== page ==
In these few months I created two products that are close to launch. First is Festsy, my attempt to make fashion more accessible in India – http://festsy.com Once I had coded the basic prototype, I decided to put out a sign-up page to validate that the demand exists for such a product. I sent out the sign-up page to friends and upon receiving good feedback, I started small adwords and analytics campaign. After seeing a conversion of 20%, I started taking the product seriously. Eventually, I resigned from Yipit a month ago and have decided to work fulltime on Festsy. The dream of working on my startup came true sooner than I expected but I realize there is a very long way to go to make it a success. If you want to know more, please check out the blog and jobs page – http://blog.festsy.com

Second product is LaunchValue which has a more interesting origin. When I was creating the sign-up page for Festsy, I felt that existing solutions like Launchrock and Unbounce were inadequate from design and price point of view. So, I created a simple django app to collect the sign-up emails myself. After getting some compliments on Festsy’s design page, I thought the app might have a demand for people like me. Again, to test out this assumption, I created launchvalue sign-up page – http://launchvalue.com and gathered interesting comments on HackerNews. When I saw few people signing up for paid services, I felt optimistic that I should launch this app and service. I am looking for CS engineers to join as partners or interns, so please ping me if you are interested or know anyone who might be. I would make it worthwhile your effort and time! If you are in India, please check out http://www.hellointern.com/viewprofile.php?sel=profile&id_vac=21550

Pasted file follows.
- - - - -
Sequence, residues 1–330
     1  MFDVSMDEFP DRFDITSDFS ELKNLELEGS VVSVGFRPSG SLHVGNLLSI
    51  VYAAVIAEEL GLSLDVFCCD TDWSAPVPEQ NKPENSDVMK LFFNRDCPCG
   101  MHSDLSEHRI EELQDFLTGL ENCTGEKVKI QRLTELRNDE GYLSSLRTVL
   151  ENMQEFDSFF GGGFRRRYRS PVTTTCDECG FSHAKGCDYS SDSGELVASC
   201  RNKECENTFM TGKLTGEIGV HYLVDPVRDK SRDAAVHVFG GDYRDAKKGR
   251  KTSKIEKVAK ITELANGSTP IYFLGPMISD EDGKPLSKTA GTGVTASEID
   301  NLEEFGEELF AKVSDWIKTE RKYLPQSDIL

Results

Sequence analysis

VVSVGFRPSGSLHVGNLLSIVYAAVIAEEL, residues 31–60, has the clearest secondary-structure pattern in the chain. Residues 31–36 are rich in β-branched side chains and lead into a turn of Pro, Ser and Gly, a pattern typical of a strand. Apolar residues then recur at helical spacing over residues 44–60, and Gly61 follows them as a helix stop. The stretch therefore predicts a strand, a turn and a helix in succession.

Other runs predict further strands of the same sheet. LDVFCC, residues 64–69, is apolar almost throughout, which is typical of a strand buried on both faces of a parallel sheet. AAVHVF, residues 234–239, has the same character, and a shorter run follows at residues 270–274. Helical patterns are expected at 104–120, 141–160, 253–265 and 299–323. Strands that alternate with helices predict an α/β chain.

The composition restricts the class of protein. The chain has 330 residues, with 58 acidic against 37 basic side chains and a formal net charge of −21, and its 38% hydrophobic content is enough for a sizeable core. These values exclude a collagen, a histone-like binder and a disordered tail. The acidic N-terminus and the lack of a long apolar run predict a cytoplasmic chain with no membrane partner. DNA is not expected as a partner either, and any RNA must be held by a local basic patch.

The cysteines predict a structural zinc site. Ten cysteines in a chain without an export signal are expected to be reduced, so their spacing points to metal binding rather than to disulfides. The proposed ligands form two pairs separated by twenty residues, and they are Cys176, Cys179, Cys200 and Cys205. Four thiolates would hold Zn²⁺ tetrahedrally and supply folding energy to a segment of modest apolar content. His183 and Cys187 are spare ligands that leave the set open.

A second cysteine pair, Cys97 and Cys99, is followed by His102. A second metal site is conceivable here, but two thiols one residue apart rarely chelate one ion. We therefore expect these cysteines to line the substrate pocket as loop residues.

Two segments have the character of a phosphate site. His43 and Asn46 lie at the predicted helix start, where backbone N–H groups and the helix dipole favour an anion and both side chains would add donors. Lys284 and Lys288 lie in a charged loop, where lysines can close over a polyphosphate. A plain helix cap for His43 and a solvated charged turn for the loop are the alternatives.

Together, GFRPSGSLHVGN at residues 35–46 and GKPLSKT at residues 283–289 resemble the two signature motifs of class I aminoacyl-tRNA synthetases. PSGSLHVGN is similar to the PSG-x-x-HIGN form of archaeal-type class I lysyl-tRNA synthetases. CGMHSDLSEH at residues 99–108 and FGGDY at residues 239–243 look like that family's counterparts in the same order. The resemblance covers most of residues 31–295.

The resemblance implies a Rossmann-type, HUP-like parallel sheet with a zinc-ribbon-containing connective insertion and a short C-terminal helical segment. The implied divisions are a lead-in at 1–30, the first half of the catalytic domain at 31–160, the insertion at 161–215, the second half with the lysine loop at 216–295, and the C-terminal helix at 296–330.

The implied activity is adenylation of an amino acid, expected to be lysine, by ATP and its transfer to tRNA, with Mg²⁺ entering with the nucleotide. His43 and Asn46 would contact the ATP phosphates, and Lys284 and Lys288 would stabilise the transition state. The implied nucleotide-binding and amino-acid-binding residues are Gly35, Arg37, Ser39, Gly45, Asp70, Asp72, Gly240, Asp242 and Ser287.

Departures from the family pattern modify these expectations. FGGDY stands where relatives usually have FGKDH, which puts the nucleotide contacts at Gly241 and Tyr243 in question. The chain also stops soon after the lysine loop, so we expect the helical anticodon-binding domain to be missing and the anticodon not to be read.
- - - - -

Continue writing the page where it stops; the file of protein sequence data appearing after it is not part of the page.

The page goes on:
I am no expert to give advice but what I have learned is that your success depends more on your resolution than on your talent. You can learn anything but you should not be learning everything. Be smart about setting a goal and then learn whatever is needed to realize it. That ways you are more likely to learn and remember what really matters. And I feel that is why Hackathons work so great because everyone is pushed to a deadline and a goal.

Launching toy prototype on Heroku!

I have been implementing few ideas in Django for past month or so but as exciting it might be to see your code working wonders on localhost, you really want to see it running live. Over last week, I explored various hosting options for Django and after reading a ton of posts and talking to few people, I picked Heroku. I also contemplated paying someone for it but I thought that investing a week in learning this is much more valuable and reusable than if I have to find and hire someone, explain my requirements (do it for every new project) and following up to make sure they are doing it right. Basically, it had come down to these 3 options-

  1. Webfaction – the de facto standard for a lot of python developers. It has good tutorials and seemed like the most straightforward guided hosting option.